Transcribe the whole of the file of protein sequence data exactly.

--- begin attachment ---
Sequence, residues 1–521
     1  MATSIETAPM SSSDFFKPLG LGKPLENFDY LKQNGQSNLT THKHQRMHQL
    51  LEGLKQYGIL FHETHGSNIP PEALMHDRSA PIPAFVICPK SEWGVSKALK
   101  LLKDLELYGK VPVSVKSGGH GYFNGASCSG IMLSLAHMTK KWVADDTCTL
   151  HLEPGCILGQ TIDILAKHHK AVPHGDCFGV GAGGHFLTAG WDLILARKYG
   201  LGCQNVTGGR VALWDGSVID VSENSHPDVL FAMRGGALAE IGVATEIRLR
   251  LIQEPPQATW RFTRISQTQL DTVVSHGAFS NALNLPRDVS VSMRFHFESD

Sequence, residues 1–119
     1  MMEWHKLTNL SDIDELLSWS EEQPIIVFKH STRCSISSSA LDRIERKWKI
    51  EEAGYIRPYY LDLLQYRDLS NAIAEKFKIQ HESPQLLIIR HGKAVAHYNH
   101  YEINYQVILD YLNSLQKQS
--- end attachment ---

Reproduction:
Sequence, residues 1–521
     1  MATSIETAPM SSSDFFKPLG LGKPLENFDY LKQNGQSNLT THKHQRMHQL
    51  LEGLKQYGIL FHETHGSNIP PEALMHDRSA PIPAFVICPK SEWGVSKALK
   101  LLKDLELYGK VPVSVKSGGH GYFNGASCSG IMLSLAHMTK KWVADDTCTL
   151  HLEPGCILGQ TIDILAKHHK AVPHGDCFGV GAGGHFLTAG WDLILARKYG
   201  LGCQNVTGGR VALWDGSVID VSENSHPDVL FAMRGGALAE IGVATEIRLR
   251  LIQEPPQATW RFTRISQTQL DTVVSHGAFS NALNLPRDVS VSMRFHFESD

Sequence, residues 1–119
     1  MMEWHKLTNL SDIDELLSWS EEQPIIVFKH STRCSISSSA LDRIERKWKI
    51  EEAGYIRPYY LDLLQYRDLS NAIAEKFKIQ HESPQLLIIR HGKAVAHYNH
   101  YEINYQVILD YLNSLQKQS